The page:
The Collaborative Practice is for parents who want to foster good relationships, make healthy traditions, minimize conflict, and save money. If you want to be a positive role model and provide a stable environment for your child, the collaborative practice may be right for you.
Making Healthy Traditions: Just as you and your spouse will be going through life-style changes, as will your child. Both parents may want to tell their child that changes are going to occur. It’s important to remind your child that the love between spouses is different than the love between a mother and child, and a father and child.
During these conversations, one or both parents may become emotional. Children accept genuine emotion, and it may even give them permission to get emotional. Some children may initially accept the information while others may not. Regardless of their response, accept your children’s emotions for what they are.
Residential changes can be made smoothly if children are given sufficient information and rationales. Allowing children to decorate their new spaces puts a positive spin on the situation. Additionally, with a new home and new life may come a new romantic partner. Children do not need to be introduced to every new adult in your life. This process should be done slowly and over time.
Minimizing Conflict: The degree of conflict between parents is the most significant factor when predicting child adjustment post-divorce. Children have a right to be protected from their parents’ anger. Conflict can be passive and active. It’s important to respect your spouse and learn how to avoid escalating conversations. Your tone of voice matters as well. It’s not always about what you say, but how you say it. However, don’t make agreements that you don’t intend on complying with in order to end the conversation. Cooperating and communicating with your spouse can go a long way towards minimizing conflict.
Being Positive Role Models: Throughout the collaborative process you will learn anger management and problem-solving skills that you can pass onto your children. Contrast this approach with the litigation battle. Children are more likely to be involved during litigation by way of speaking with a judge or through psychological evaluations. Show your children that they shouldn’t pick sides and that they have the right to love both parents without feeling guilty. Having your children observe you making important decisions about them in a healthy way is the first step in the right direction.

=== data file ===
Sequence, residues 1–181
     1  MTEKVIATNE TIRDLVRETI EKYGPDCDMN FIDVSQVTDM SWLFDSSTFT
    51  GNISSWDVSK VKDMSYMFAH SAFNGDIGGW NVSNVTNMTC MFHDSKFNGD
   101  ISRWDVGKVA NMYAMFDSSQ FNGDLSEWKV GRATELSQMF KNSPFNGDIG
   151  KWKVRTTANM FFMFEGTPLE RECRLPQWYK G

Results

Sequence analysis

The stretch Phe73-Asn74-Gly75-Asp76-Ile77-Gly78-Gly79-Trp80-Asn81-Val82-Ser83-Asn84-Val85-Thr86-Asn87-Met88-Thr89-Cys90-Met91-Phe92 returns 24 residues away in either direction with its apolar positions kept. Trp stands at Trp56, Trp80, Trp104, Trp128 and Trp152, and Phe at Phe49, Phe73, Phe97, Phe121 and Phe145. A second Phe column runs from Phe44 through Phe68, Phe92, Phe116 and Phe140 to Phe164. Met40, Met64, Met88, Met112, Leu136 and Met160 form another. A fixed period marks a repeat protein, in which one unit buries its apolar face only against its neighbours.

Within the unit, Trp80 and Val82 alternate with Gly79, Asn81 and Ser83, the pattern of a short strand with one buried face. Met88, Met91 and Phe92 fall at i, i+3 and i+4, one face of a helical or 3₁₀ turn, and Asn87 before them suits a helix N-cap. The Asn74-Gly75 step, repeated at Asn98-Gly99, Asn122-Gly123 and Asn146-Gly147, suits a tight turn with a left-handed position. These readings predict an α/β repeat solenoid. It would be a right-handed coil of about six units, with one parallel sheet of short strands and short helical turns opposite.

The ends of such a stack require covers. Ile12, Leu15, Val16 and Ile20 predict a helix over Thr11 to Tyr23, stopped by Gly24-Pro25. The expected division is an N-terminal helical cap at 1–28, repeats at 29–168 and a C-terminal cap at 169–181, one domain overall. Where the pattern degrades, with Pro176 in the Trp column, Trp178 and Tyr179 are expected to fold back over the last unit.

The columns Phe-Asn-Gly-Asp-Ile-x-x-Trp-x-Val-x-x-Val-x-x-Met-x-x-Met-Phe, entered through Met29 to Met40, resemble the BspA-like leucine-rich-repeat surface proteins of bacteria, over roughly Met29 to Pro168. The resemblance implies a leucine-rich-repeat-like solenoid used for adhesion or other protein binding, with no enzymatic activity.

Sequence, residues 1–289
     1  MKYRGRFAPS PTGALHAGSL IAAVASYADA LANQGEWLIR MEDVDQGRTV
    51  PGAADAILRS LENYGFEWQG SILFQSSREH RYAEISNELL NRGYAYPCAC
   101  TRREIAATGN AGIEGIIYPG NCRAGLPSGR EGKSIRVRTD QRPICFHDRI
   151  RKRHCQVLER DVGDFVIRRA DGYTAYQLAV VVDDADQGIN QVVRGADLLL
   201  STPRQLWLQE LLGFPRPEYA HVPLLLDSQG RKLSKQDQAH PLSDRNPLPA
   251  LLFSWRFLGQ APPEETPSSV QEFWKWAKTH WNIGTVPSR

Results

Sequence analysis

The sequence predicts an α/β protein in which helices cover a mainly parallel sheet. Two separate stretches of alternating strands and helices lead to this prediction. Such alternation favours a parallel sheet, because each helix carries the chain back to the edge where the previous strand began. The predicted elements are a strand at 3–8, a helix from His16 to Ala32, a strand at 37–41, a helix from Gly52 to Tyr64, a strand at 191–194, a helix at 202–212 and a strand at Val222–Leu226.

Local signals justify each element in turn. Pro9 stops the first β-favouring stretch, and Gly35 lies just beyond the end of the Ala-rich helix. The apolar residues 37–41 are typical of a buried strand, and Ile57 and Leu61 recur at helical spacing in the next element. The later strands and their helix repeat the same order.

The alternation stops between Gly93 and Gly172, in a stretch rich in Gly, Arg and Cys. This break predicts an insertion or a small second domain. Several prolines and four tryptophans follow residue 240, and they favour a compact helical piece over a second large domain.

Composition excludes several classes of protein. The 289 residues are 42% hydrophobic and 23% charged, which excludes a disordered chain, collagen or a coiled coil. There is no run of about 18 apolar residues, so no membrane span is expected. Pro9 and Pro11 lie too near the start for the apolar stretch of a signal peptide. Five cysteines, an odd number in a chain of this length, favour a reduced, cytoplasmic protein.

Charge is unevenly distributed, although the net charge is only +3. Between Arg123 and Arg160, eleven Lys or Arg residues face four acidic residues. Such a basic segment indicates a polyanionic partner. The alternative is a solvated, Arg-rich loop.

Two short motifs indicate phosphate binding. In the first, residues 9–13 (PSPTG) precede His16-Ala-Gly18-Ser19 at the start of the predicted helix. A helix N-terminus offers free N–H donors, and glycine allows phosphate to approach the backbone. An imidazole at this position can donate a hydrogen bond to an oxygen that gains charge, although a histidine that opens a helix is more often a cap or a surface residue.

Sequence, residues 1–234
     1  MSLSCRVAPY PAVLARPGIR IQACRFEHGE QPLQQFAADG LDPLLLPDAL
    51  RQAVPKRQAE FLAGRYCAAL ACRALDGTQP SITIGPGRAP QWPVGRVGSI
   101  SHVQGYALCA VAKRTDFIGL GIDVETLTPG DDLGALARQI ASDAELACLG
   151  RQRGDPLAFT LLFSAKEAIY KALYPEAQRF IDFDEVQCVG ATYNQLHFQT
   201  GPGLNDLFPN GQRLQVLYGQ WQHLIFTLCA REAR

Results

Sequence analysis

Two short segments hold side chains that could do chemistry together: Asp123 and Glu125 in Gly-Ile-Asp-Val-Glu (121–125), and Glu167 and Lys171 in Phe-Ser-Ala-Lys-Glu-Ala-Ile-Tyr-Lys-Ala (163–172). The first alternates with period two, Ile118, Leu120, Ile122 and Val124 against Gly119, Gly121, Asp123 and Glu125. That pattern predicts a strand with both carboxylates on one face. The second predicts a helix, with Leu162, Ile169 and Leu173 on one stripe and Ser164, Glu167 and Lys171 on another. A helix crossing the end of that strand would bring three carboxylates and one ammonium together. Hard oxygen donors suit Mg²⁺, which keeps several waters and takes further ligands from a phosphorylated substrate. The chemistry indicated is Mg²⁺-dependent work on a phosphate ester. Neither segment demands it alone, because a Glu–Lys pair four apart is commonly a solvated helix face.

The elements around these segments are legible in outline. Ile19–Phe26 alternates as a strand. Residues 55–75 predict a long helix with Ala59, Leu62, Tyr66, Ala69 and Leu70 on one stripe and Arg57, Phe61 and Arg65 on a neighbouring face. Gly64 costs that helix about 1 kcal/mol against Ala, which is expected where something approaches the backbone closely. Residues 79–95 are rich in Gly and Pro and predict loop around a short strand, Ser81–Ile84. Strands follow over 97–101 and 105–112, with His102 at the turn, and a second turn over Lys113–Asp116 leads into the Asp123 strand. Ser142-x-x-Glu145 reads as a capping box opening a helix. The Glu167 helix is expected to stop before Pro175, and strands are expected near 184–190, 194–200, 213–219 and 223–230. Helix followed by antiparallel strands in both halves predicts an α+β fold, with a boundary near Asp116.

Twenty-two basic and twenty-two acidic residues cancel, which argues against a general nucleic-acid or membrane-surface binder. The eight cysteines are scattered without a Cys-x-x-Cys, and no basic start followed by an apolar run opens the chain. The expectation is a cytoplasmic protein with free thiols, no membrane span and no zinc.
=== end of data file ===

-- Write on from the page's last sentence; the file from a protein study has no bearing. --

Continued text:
Providing a Stable Environment: Every child has a right to be a kid. Changing homes is likely inevitable. However, this change can be a positive one. It’s helpful when parents collaborate on making “house rules” for their children. On the other hand, it may be inappropriate to impose punishments during the other parent’s time with the children. Children can easily adapt to inconsistencies with parenting. It’s important to remain as consistent as possible, as long as the child isn’t being harmed by a parent’s behavior.
Provide your children with a sense of stability. Activities that children have been involved in should be continued without interruption. Whether it’s sports, lessons, or classes, these should be continued as they usual.
Saving Money: Committing to the collaborative practice means avoiding costs associated with litigation. In doing so, you have greater control over where you can spend your resources. Whether it’s on your new space or on your children’s education, avoiding litigation likely means more money in your pocket.
Keeping these tips in mind during and after the divorce can help facilitate healthy relationships. Trust that each spouse wants the best for the children. Your forgiveness towards each other will teach your children how to forgive. If both parents agree that their children are their priority, communicating and cooperating can become easy.
 Cox, Gay and Sheff, Honey. Tips for Parents Engaged in the Collaborative Family Law Process.